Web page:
this article in The Telegraph about how "Schools in America are to drop classic books such as Harper Lee's To Kill a Mockingbird and JD Salinger's Catcher in the Rye from their curriculum in favour of 'informational texts'." Informational texts, apparently, are things such as manuals and inventories. These new standards are being part-funded by the Bill and Melinda Gates Foundation.
When entering the "real world" as adults, the children of today will come across far more non-fiction than fiction. Reading a bus timetable, filling out job applications, understanding electricity bills - these are the fundamental reasons we teach children to read. But does that mean schools should be spending less time on fiction and more on non-fiction?
Non-fiction, of course, comes in many forms. Some of these are very similar to fiction: they tell a compelling story that grips the reader (this is particularly true of the extraordinarily popular so-called 'misery memoirs'). The only difference is that the reader also knows that they are true. Reading well-written non-fiction can be brilliant. One of my favourite books - the story of civilisation and why certain populations ended up with all the power - is Guns, Germs and Steel by Jared Diamond. And there are great books for children too. Just look at the Horrible Histories books - non-fiction that has captivated successive generations of children.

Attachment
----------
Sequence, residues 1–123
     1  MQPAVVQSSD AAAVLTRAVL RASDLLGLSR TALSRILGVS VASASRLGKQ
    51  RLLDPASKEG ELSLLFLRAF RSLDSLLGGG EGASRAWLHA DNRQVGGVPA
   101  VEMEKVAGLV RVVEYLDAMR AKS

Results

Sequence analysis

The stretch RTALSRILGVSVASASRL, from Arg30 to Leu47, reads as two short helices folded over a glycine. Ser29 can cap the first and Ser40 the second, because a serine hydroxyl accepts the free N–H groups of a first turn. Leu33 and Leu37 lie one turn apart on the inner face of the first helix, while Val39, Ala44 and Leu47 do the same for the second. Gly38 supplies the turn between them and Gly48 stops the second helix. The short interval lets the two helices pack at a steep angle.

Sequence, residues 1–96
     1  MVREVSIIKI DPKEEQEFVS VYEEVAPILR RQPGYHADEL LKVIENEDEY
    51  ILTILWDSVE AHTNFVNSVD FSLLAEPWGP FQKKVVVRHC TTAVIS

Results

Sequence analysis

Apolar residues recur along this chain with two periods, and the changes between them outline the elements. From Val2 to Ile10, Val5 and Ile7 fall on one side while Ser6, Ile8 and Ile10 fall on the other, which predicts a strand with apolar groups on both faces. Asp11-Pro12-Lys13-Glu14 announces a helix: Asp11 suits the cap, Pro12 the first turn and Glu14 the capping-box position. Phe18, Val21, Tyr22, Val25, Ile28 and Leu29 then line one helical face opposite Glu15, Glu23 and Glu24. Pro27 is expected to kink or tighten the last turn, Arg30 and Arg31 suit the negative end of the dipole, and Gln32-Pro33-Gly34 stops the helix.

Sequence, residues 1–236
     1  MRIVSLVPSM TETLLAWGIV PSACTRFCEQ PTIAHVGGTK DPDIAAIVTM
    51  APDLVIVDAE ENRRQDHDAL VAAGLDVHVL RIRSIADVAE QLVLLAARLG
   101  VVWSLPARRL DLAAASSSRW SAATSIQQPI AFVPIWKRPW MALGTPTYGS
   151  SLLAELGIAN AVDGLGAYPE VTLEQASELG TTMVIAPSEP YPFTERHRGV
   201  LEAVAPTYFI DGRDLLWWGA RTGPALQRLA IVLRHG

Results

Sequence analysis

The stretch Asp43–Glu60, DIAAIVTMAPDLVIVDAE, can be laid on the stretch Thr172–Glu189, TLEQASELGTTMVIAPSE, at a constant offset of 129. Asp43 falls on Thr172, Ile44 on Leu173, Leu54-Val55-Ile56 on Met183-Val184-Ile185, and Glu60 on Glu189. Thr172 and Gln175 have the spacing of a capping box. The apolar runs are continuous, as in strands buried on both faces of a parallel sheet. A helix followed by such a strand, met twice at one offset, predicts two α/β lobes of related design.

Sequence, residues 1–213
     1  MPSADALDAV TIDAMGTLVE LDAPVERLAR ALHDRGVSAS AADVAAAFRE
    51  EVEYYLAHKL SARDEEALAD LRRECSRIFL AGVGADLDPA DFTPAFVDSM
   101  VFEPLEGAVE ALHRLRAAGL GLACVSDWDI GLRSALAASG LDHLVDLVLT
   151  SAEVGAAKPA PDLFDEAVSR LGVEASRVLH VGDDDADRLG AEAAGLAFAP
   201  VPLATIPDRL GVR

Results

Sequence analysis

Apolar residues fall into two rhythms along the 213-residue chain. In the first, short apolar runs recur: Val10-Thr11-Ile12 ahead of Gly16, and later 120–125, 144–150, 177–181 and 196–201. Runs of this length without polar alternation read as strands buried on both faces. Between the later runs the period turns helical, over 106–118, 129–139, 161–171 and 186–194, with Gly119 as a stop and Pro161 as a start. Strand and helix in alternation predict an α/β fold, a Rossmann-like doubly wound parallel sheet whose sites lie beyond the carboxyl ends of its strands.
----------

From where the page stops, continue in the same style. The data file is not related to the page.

So non-fiction is good. But what about fiction. Is fiction actually important? Of course it brings a lot of joy and is wonderful escapism for adults and children alike, but why actually teach it?
There will be some kids at school who love reading fiction and, if they struggle with other areas of schooling, it might be what saves their education. So for them, it has an obvious, tangible benefit. But I would say that it has benefits for all children. A lot of cultural references come from famous books and, in my opinion, fiction encourages development. I wouldn't want to live in a world where the adults were once teenagers who never had to use their imagination; whose sole entertainment came as a complete package on a screen - images and sounds spoonfed to them, rather than created in their heads from words on a page. Fiction - both reading and writing it - discourages lazy thinking.
I have nothing against non-fiction being taught in schools. I think it's a good thing for children to read examples of concise and interesting non-fiction that they can learn from. I'm just not sure plant inventories and manuals are really necessary. You can teach a kid to write an essay; you can't teach them to love learning. Children can leave school merely educated, or they can leave inspired as well.
What do you think? Is fiction actually important? Or is it a luxury?